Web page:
As the Sudan protest continues, the question of how many people have died remains controversial. The New York-based African Center for Justice and Peace Studies and London-based Amnesty International estimated that at least 50 people have died in the riot Thursday night. They then accused the government on using the policy of ‘shoot to kill’ against the protesters. Lucy Freeman, Africa Deputy Director at Amnesty International said, “Shooting to kill- including by aiming at protesters’ chests and heads- is a blatant violation of the right to life, and Sudan must immediately end this violent repression by its security forces.”
However, hospital sources reported to BBC that about 60 people have lost their lives in the protest. Another hospital source at Khartoum, with youth activists and doctors, told The Associated Press that about 100 people died since Monday. Sudan Human Rights Organizations confirmed that figure. They too have reported that over 100 died in the rioting and that the number still is on the rise.
Some citizens have varied and unverified estimates of deaths from the conflict so far. For instance, Amjed Farid, of Sudan Change Now estimated that the number is in the neighbourhood of 200 people. According to him, “A lot of those who are getting killed are 22, 25, 17 years old, 15 years old, and there are some children also- ten or 12 years old- who were killed. And also, there are people in their 40s and 50s who are getting killed. Almost 200 or something are being killed in different areas, from different social statues.”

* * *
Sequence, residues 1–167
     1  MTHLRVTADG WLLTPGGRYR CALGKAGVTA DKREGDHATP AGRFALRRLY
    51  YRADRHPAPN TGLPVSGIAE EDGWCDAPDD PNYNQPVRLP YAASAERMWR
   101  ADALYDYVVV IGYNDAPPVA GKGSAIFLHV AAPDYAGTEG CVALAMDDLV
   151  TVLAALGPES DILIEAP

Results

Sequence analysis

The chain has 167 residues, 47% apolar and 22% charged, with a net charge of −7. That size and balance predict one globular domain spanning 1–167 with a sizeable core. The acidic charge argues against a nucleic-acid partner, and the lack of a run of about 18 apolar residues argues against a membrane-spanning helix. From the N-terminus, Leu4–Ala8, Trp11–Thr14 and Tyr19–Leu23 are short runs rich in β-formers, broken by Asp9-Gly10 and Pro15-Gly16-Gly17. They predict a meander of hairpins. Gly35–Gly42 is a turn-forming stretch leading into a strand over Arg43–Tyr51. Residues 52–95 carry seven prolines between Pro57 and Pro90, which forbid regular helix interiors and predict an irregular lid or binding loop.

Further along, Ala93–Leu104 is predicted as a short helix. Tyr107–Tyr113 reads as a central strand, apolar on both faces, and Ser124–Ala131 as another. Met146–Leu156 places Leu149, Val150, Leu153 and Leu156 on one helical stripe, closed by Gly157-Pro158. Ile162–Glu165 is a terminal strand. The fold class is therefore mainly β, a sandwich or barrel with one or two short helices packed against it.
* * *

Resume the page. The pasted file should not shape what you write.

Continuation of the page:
The government has its own figure, Information Minister Ahmed Belal Osman categorically stated on Thursday that any death tolls higher than 29 is inaccurate. The Sudanese authorities also admitted that there were four other protesters that had died during the conflict, but denied responsible for them. The police said that those four men were killed by unidentified gunmen on Friday. An official statement more often blames unknown gun men who, they claim, attacked the protesters.
As the days go by, there is a tendency for the number of causalities to increase. The Time of India reported that “Sudanese security forces in pickup trucks cornered hundreds of mourners marching after burying a slain protester and opened fire on them on Saturday.” The masses who came for the funeral of a Sudanese pharmacist who got killed during the protest utilized the opportunity to stage a mass demonstration against the government.
This is one of the major challenges to President Al Bashir who came to power in the 1989 coup. His administration is being accused of spending 75% of the national budget on military forces, where less than 5% goes to education.
The riot started on Monday when the government lifted the country’s fuel subsides to increase their revenue. But, people took to street because they believed that the austerity measure was unfair to them.
The country’s economy started suffering when South Sudan ceded in 2011. They left with 75% of the oil reserves which sustain the economy.
As the days of demonstration linger, there is speculation that the death toll will rise.
By Ezeiyoke Chukwunonso